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Friday, 29 January 2016

I’ve got a lovely bunch of coconuts



In Prime Minister’s Questions this week, David Cameron said this:

"The idea that those two right honourable gentlemen would stand up to anyone in that regard is laughable. Look at their record over the last week. They met with the unions and they gave them flying pickets, they met with the Argentinians and they gave them the Falkland Islands, they met with a bunch of migrants in Calais and said they could all come to Britain - the only people they never stand up for are the British people and the hardworking taxpayer."

Prime Minister’s Questions is a piece of parliamentary flimflam, a Punch and Judy knockabout that many tune into, more for entertainment than anything more serious, though at the same time judgements are made on the calibre of leadership.
In this particular case four words were seized upon:
‘a bunch of migrants.’
For the easily offended it was pass the smelling salts time.
For the more politically astute the faux outrage that followed was essentially an attempt to score points—their constituency, those already opposed to the government’s policy on immigration.
For Cameron it was a piece of tough talking argot calculated to appeal those who thought he wasn’t hard enough. Politician and P.R. man, he knew the constituency he was after.

This post isn’t about politics. This post isn’t about the merits of immigration or otherwise. It is about our weird and wonderful language and one particular word.
Bunch.
One dictionary definition is:
 a group of things of the same kind that are held or tied together or that grow together. : a group of people or things that are together or are associated with each other in some way. : a large amount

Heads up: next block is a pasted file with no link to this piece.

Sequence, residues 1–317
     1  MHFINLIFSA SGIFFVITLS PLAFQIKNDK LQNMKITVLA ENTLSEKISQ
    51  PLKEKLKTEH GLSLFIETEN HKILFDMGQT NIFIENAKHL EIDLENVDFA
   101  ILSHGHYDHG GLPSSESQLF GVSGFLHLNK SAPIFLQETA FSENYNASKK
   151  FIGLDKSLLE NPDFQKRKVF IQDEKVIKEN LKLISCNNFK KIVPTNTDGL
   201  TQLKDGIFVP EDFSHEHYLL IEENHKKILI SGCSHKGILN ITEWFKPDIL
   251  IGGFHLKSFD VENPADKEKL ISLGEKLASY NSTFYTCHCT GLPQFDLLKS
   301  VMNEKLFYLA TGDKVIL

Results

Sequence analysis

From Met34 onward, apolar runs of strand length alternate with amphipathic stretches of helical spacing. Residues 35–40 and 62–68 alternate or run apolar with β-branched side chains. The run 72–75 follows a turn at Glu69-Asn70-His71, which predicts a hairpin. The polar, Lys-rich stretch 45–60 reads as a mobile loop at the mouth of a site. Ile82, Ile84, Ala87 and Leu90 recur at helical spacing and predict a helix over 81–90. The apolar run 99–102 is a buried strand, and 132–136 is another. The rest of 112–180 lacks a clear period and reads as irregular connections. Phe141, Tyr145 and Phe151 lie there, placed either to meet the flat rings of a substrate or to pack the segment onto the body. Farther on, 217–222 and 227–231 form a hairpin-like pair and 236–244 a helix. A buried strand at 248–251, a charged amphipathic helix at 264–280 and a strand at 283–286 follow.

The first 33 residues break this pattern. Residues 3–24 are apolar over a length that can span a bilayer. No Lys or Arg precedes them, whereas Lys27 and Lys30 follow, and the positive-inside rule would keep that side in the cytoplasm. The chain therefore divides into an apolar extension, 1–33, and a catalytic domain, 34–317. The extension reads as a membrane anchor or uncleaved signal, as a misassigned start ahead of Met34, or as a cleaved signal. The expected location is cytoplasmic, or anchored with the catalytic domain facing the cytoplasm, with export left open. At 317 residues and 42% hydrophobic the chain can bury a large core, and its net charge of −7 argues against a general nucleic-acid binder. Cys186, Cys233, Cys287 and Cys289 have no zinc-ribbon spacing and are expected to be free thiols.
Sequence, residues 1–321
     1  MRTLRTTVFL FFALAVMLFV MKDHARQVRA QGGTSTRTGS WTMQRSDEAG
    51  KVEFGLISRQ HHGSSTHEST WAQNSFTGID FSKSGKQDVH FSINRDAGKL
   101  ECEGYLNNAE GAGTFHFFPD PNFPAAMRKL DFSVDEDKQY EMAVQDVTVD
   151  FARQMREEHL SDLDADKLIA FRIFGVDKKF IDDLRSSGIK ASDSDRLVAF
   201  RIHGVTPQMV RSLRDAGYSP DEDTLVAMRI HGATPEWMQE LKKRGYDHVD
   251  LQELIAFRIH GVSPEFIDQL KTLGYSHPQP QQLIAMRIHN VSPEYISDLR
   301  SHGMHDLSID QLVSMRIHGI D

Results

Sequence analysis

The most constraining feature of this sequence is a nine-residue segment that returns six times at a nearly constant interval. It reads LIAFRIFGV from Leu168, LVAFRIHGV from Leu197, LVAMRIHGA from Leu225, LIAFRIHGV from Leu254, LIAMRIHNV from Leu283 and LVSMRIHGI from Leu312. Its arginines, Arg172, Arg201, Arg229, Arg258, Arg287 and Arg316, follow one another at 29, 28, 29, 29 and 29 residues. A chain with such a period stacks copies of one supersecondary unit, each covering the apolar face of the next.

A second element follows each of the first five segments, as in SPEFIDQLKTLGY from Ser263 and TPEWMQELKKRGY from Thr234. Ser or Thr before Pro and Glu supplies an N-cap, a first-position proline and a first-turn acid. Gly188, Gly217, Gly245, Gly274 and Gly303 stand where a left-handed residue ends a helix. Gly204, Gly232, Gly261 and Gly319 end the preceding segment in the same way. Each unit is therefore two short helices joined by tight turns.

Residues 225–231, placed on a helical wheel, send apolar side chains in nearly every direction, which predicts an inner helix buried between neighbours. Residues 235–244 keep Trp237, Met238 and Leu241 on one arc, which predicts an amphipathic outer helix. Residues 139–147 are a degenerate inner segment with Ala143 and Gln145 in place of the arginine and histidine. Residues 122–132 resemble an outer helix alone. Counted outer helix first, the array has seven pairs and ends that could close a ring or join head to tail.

Bunch is wonderfully versatile. You can use it in any context but one:
 A bunch of banana, a bunch of grapes, The Wild Bunch. Girls can wear their hair in bunches. You can have a bunch of mates around for a drink, especially if they’re a great bunch of mates. But conjoin bunch with migrants and all hell in a teacup breaks out.


You might ask which word is actually at fault here. It’s a linguistic question. I’m not saying migrants as migrants are at fault. They have every right to try and better themselves by moving to another country, just as an established community has every right to decide how many it wants. Sincere views will be held on both sides.  The question is how the conjoining of two words makes something toxic in one context and not in another. So why is ‘a bunch of mates’ acceptable and a ‘bunch of migrants’ not?  Answers on a post card please.

Thursday, 21 January 2016

He who gets the last word. . . sometimes loses out.

He who gets the last word sometimes loses out, as a tombstone in Monmouth illustrates.

Mrs Murr died in 1820 and paid the stonemason to put this on her tomb.

‘Ye, who possess the brightest charms of life,
A tender friend, a kind indulgent wife,
Oh, learn their worth!
In her beneath this stone,
These pleasant attributes shone,
Was not true happiness with them combined?
Ask the spoiled being she’s left behind.’
The ‘spoiled being,’ her husband, died a few years later but there was insufficient space on the headstone for anything but this: ‘He’s gone, too.’


 Almost as good as the comedian Spike Milligan's headstone: 'I told you I was sick.' Do you have any favourites or ideas for your own? :)

Friday, 15 January 2016

'Himmler's Rasputin'



The third book in my trilogy The Gift is based like the other two in the Interwar years. The research has been almost as much fun as the writing. Sometimes more fun when inspiration flags. But for anyone seeking material, search no further than the interwar years.